The environmental review does not hinge on a financial report, the governor-elect says
POSTED: 01:30 a.m. HST, Nov 05, 2010
Gov.-elect Neil Abercrombie said yesterday he would not wait for an independent financial analysis to determine whether to sign the environmental impact statement on Honolulu's $5.5 billion rail project.
Abercrombie said the role of the governor is to decide whether the environmental review was conducted properly, not to weigh in on the finances or the merits of the project, which he believes is the city's responsibility.
"I'll look at it, but the governor really doesn't decide that," Abercrombie, a rail supporter, said of a financial analysis after a news conference on his transition plans. "That's decided by the City Council, the mayor and the Federal Transit Administration. Honest, that's the way it works."
Gov. Linda Lingle ordered the $300,000 financial analysis in September to determine whether the rail project is feasible given the economic downturn. She said she wanted an objective assessment because the project is being financed by taxpayers as well as the federal government.
Infrastructure Management Group Inc. and CB Richard Ellis are preparing the financial analysis and are expected to be finished by December.
The environmental impact statement is being reviewed by the state Office of Environmental Quality Control and has yet to reach the governor's desk. Lingle has said she would share the financial analysis and leave the decision on whether to sign the environmental review for the next governor.
Abercrombie said he does not believe the Republican takeover of the U.S. House will have an influence on federal money for rail. U.S. Rep. James Oberstar, D-Minn., chairman of the House Transportation and Infrastructure Committee -- who had promised to support rail in Honolulu, lost his re-election bid on Tuesday.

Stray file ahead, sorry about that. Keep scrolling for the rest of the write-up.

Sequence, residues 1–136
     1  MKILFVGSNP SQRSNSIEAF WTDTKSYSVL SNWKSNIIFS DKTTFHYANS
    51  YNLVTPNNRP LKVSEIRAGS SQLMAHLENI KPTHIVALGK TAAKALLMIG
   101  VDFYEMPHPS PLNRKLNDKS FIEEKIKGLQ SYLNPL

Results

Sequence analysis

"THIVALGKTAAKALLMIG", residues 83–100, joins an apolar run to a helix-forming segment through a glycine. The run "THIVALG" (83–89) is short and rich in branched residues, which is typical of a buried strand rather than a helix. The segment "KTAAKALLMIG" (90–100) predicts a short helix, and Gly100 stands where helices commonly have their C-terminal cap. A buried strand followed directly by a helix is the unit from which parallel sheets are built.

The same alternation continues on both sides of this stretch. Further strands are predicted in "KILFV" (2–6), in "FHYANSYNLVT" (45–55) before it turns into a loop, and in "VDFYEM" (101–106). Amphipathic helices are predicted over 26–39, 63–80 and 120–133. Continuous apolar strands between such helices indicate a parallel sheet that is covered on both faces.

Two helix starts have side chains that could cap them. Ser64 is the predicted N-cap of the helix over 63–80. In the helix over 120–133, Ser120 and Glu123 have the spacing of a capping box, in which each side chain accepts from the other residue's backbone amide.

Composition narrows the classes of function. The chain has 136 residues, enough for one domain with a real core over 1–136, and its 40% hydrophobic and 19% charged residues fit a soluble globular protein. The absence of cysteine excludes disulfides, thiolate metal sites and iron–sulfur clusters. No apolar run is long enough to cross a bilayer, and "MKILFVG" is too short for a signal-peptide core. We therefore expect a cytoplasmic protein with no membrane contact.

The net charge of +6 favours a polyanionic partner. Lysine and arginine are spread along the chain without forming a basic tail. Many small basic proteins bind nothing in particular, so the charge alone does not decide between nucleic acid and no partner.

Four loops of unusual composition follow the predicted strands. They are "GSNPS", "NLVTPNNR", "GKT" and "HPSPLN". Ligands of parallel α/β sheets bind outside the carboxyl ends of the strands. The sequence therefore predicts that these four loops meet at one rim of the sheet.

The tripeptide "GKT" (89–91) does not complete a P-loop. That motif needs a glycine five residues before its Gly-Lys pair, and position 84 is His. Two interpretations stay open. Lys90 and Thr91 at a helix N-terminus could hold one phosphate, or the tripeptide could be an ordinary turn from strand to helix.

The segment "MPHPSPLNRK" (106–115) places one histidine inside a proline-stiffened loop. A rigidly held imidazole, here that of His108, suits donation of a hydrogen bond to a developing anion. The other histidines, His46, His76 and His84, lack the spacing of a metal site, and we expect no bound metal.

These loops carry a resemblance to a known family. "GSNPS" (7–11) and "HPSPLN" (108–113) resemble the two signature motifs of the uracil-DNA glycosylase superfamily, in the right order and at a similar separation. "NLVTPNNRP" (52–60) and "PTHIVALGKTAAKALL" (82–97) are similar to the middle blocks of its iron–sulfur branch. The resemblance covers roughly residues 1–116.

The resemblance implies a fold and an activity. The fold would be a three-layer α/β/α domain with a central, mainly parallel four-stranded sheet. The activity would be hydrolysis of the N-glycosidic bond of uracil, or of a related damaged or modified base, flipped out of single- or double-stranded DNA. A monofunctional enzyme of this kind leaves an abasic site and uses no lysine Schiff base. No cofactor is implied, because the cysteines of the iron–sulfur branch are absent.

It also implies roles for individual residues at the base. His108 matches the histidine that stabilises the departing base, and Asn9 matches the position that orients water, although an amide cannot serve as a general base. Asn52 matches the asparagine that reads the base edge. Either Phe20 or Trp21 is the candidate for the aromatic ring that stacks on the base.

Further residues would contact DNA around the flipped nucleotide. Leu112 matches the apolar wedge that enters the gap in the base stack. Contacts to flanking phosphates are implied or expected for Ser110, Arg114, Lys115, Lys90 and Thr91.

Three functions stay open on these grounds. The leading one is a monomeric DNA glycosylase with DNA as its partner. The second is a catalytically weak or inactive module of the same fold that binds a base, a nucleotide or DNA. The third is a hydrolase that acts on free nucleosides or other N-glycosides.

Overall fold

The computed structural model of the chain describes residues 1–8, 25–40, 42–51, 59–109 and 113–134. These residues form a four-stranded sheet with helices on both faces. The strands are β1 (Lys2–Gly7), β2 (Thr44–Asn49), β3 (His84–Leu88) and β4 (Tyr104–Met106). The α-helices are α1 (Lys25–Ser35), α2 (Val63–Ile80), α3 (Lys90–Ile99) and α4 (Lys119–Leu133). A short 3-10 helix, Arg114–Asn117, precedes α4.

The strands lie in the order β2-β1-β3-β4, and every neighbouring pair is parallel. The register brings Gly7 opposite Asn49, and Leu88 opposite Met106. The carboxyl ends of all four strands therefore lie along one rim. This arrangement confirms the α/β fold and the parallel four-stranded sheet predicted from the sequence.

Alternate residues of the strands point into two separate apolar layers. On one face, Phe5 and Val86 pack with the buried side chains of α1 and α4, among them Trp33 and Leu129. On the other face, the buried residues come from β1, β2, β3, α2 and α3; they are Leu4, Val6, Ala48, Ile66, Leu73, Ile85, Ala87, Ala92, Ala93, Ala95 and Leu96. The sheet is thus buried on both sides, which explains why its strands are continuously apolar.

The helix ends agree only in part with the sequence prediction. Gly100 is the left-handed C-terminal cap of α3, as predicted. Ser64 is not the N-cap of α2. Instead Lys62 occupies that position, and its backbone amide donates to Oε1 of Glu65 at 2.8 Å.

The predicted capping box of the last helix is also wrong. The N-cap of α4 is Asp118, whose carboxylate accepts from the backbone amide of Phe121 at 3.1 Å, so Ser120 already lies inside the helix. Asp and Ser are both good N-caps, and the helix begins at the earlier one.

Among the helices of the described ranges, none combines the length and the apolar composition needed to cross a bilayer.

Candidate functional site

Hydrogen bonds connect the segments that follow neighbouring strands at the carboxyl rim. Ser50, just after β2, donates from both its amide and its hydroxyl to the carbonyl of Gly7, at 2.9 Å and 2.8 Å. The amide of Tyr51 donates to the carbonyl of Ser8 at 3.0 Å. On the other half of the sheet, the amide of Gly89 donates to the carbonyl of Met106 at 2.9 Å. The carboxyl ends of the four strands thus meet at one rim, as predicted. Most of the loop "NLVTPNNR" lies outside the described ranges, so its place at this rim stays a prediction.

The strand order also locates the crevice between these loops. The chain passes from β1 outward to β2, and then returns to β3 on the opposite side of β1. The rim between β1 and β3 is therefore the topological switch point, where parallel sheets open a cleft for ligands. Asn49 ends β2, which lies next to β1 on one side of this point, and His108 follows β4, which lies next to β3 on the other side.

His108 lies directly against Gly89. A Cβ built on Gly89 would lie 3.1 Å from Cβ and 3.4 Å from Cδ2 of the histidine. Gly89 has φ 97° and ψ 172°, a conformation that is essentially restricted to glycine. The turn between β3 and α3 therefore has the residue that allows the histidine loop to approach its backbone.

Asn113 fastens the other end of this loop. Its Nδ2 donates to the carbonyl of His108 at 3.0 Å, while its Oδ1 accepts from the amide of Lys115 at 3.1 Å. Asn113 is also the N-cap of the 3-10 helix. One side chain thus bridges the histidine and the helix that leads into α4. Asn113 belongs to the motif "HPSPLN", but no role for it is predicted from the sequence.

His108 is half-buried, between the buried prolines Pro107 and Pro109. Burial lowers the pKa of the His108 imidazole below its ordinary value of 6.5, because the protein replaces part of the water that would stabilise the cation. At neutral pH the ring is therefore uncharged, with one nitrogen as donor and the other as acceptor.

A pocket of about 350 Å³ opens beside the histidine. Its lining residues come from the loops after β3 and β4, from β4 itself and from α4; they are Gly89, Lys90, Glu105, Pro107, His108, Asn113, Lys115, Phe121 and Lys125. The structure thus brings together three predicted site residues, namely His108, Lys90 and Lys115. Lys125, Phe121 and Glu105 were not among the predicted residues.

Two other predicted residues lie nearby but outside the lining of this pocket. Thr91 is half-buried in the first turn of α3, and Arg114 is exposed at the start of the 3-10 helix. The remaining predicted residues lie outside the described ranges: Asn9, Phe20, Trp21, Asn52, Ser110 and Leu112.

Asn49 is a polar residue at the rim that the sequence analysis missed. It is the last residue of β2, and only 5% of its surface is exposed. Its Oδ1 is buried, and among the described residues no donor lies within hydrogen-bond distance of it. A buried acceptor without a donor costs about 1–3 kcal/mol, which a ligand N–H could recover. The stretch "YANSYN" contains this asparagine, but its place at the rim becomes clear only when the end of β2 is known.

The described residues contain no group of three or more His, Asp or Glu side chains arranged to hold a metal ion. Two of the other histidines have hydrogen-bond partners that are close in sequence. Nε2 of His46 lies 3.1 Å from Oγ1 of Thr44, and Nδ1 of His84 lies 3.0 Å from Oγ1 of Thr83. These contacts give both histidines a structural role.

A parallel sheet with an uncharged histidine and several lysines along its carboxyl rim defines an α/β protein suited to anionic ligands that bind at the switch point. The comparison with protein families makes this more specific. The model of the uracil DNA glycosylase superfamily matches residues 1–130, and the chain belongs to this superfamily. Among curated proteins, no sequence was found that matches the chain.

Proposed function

Abercrombie said the FTA would decide whether the rail project is worthy. Congress, he said, would make funding decisions based on whether projects are viable and there are dollars available, not on whether Republicans or Democrats are in control.
Abercrombie announced a transition website -- NewDayHawaii.org -- and urged those interested in jobs in his Cabinet or administration to apply by Nov. 15. Bill Kaneko, Abercrombie's campaign manager, is the transition director.
The governor-elect is scheduled to be sworn in Dec. 6. One of his first responsibilities will be to submit a draft two-year budget to the state Legislature by late December. The budget will likely be similar to the spending plan in place now, since he will only be in office for a few weeks before it is due and can work with state lawmakers to put his stamp on the budget during session.
"I won't start from scratch," he said. "I have every confidence that what has been presented to the Legislature by the professionals that are working in the administration forms a good foundation. Now, the direction we go in, and the allocation of funds, and the priorities and so on, obviously are something we have to take responsibility for."
Abercrombie said he has not met with Lingle about the transition, but hopes to soon. He has also yet to speak with President Barack Obama since his victory but has spoken with Valerie Jarrett, a White House senior adviser and assistant to the president for intergovernmental affairs and public engagement. He said he and other new governors expect to meet with Obama in Washington, D.C., in early December.